By: Sara Bertoncelj / Nova24tv
The SD party owns at least eleven properties in Slovenia – including the business premises in Velenje at Prešernova Street 1, where the prosecutor’s office and the District Court are also located – which only deepens the issue of impartiality that the court and the prosecutor’s office should have. Recently, the SD party boasted about the ruling of the Velenje District Court, saying that the Prime Minister must apologise to them for accusing them of stealing the building on Levstikova Street in Ljubljana where the party has its headquarters, from the Jewish community. The Jewish Community of Slovenia agrees with Prime Minister Janez Janša: “He faced the SD party with the painful truth.”
The Jewish community of Slovenia pointed out that the problem of Moskovič’s villa is not so much in the formal legal dilemmas as in the lack of justice. “And as the law deviated from justice, this resulted in the ruling of the Velenje court. The higher court will now have to rule on the legal correctness, but Prime Minister Janez Janša hit the nail on the head and told it as it is. He faced the SD party with the painful truth,” Vice President of the Jewish community of Slovenia, Igor Vojtic, explained. The Jewish community of Slovenia expects the restitution of property that was confiscated from the members of the community who died during the Holocaust and had no heirs. At the end of this process, they are willing to exchange other real estate properties for Moskovič’s villa, as it has great symbolic significance for the Jewish community. “For the SD party, the building apparently represents a moral burden, which is constantly weighing on their conscience,” Vojtic also added.”
In April of this year, the European Jewish Association wrote a letter to the president of the SD party, Tanja Fajon, pointing out that it would be appropriate, fair and moral to correct historical mistakes and return the villa that was stolen from Felix Moskovič, who was murdered during the Holocaust, to the Slovenian Jewish community as part of the settlement on the inheritance without heirs. As is well known, the villa once belonged to the Jewish merchant Moskovič, but he and his family were taken to concentration camps during the Second World War, where they died. After their deaths, the property was sold under questionable conditions, nationalised, and then used by the Communist Party in the former Yugoslavia. We have also informed the European Jewish Association of current developments and are still waiting for their response.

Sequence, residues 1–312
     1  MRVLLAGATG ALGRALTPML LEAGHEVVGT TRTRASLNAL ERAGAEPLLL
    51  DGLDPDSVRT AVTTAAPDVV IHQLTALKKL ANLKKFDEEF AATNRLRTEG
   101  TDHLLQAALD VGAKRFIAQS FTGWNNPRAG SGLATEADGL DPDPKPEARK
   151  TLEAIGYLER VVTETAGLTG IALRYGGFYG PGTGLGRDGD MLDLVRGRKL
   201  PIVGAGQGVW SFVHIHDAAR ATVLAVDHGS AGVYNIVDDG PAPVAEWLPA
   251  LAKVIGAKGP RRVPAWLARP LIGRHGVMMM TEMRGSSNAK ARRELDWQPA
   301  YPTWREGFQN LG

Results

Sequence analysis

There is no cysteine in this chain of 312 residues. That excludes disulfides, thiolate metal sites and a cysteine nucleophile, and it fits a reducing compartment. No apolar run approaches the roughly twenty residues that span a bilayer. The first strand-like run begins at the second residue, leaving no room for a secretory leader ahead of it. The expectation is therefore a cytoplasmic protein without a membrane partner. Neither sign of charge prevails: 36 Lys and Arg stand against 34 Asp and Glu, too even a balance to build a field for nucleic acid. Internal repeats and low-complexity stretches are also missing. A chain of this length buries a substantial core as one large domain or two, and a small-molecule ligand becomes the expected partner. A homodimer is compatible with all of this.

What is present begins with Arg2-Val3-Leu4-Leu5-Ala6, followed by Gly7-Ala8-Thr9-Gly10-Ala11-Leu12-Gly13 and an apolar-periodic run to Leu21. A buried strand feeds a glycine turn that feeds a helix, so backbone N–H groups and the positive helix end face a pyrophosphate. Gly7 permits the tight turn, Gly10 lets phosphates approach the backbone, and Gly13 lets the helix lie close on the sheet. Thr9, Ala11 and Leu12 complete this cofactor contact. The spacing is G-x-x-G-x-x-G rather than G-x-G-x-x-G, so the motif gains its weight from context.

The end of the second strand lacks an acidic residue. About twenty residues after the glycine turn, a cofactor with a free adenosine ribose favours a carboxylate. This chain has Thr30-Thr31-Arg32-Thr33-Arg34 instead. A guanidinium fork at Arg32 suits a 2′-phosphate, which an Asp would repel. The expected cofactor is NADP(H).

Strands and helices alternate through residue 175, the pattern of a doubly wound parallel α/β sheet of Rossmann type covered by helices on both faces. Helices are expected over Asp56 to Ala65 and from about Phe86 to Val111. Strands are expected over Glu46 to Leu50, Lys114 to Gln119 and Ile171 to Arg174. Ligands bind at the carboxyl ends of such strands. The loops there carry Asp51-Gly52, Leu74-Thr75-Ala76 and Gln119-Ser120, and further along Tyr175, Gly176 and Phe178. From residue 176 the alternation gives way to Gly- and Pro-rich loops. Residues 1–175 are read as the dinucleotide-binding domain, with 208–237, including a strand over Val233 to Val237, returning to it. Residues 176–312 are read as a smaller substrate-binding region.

The Social Democrats own 11 or 12 properties which have a total area of 1753,99 square meters. The party got these properties as the legal successor of the Communist Party of Slovenia – the Party of Democratic Renewal (Zveza komunistov Slovenije – Stranka demokratične prenove, referred to as ZKS-SDP), as the media outlet 24ur – or rather, Irena Joveva, who is currently an MEP but was still a journalist at the time, reported years ago. This is also how the SD party got the building at Tomšičeva Street 5 in Ljubljana, where the National Assembly is located today, and where the Central Committee of the League of Communists of Slovenia had its headquarters. After the Second World War, the building was taken over from the subdivision of the Kingdom of Yugoslavia by the Communist Party of Slovenia. As the successors of the League of Communists, the Party of Democratic Renewal was allowed to be put down as the owner of the property in the land registered in 1993. The Party of Democratic Renewal, which is now known as the Social Democrats party, had previously signed an exchange and gift agreement with the government, represented by then-Prime Minister Drnovšek’s Secretary-General, Mirko Bandelj. In this contract, the client already acted as the owner of the property on Tomšičeva Street 5 – and they still managed to successfully trade it for the so-called Moskovič’s villa at Levstikova Street 5 and the business premises on Slovenska Street 9.